Heeeey, I'm back!* This blog is about how to eat good on bitch money.

*This is a lie.

Monday, September 29, 2008

Bait and switch!

Those bastards!

Okay, I renounced the prize money, right? Because after having cheated in, I counted, five different ways for three months, I not only lost a larger percentage of body mass than anyone else, I also achieved a kind of moral nirvana in which I became more honest and true to principle than anyone else in the contest at least and probably the entire country. And once again all because of horseracing, the sport of spotless saints.

At the "awards" "banquet," I found out from the hastily appointed leader of this farcical affair (a sweet, harmless boy who should never have been saddled with this nightmare--he hardly qualifies as a Gym Person, and it is my hope that he will escape before he becomes... Like The Others) that even had I not lost a single pound during that final ten days when I ramped up the cheating to heights never before achieved except by jockeys who are dead today, I still would have beaten Slick. I had only to maintain. So no spitting, no hotbox, no evil, cynical blood donating, no renal failure. When I heard that and thought about the chunk of change I was giving up in refusing to sign the purity pledge, I almost collapsed, and not just because all I'd had to eat that day were a couple loaves of bread and a pineapple and a turkey. I thought I would have to spend the rest of my life kicking myself. But I was very wrong in this surmise. In fact, I have never before been so richly rewarded for momentarily declining to indulge in the delicious falsehoods that are my usual fare. To say I dodged a bullet would be a crime not so much because "dodged a bullet" is a cliché but because it would be such a monstrous understatement.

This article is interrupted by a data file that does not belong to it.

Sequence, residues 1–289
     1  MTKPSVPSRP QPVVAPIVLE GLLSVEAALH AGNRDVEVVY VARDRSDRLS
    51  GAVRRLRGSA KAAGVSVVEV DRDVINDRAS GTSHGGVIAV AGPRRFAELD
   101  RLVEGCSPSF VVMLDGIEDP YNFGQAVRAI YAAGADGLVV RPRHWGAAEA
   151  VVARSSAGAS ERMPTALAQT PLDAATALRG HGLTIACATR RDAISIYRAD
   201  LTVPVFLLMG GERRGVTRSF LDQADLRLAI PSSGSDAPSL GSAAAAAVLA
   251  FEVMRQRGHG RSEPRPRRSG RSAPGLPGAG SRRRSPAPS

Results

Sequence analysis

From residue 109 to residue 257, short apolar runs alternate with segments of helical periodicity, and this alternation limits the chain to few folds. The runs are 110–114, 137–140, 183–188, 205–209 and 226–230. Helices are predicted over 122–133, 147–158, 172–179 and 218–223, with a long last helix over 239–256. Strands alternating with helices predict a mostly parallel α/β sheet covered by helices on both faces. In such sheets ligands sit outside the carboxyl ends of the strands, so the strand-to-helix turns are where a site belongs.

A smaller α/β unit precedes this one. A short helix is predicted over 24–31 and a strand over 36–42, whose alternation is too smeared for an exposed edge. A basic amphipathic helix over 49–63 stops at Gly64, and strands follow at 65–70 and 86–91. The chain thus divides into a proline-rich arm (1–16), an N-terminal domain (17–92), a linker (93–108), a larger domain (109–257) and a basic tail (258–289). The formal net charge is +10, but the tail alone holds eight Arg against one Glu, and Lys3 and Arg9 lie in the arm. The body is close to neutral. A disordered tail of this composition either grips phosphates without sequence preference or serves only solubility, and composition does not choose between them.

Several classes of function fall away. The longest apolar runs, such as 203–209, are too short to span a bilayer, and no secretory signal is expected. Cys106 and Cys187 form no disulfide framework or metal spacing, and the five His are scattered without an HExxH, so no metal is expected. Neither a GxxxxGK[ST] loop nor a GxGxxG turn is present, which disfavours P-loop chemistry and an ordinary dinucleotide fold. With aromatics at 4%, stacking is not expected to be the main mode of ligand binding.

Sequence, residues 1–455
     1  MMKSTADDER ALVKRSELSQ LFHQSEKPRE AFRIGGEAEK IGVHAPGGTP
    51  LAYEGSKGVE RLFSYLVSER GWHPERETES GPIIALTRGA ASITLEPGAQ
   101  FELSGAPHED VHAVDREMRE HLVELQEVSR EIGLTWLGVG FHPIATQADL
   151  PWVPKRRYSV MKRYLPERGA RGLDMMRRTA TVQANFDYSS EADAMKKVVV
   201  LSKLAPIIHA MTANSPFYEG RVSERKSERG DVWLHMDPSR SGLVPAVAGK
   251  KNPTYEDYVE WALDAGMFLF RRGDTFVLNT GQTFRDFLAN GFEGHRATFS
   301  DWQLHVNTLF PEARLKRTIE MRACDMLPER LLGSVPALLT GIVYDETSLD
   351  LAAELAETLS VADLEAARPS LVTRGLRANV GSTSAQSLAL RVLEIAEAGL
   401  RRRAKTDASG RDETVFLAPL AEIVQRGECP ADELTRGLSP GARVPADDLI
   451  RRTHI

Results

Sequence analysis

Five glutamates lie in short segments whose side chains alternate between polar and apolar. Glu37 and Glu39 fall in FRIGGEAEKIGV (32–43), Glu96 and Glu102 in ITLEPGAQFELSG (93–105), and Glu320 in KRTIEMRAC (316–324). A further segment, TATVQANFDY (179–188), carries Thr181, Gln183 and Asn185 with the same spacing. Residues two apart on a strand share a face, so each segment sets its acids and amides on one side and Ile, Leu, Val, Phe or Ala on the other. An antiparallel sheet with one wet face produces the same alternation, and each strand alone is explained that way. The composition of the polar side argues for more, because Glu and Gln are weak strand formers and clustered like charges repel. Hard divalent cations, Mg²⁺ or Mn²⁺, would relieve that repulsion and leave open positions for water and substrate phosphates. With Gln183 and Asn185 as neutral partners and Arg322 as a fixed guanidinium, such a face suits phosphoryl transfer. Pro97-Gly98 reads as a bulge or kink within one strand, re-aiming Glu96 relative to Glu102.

This post is about what happened at the potluck awards banquet.

First, here is all the bad stuff I nipped neatly around:

*The feeble opener: they announced that they'd changed the rules. Now instead of a first place winner and a second place winner, there would be an overall male winner and an overall female winner. Translation? No glory whatsoever. I could've shambled along in low gear the whole way and been two points behind Slick and still won top honors. Pa to the thetic.

*The bombshell: They announced that they weren't going to award cash prizes. Apparently, any prize over $600 they have to fill out forms with the IRS and you have to report it on your tax return. So why didn't they give the first place winner $600 and $150 worth of Rice-a-Roni? Why didn't they give the second place winner $350 as per the original contract? Because they are a bunch of shifty double crossing GYM PEOPLE, that's why! I shouldn't have trusted a word they said from the get-go!

*The nuclear warhead: the "prize" to the first place winners, plural, male and female, was nine months free GYM MEMBERSHIP and a few hours of time in the company of your choice of the know-nothing personal trainers (Earlton excepted from the know-nothing class). I could have colleagued with Satan and signed their purity pledge. Then I'd've won nine months more of going to Step, Jump and Pump and PowerJamz "classes." Nine months of being told to "engage your core." Nine months of looking at other patrons' CoolerThanThou steel water bottles. Nine months of yogablab, which is Hindi translated into English and then re-translated into new millennium Americanese about breath. I don't want to listen to you tell me to listen to my breath, Gym People. I don't want to hear you say the word "core" or the word "breath." I don't want to hear you tell me to "take it to a march, take the march to the right, now give me a knee for four! Grapevine left!" I don't want to hear you Gym People. I don't want to hear you. Ever. Again. (Earlton excepted. I love Earlton.)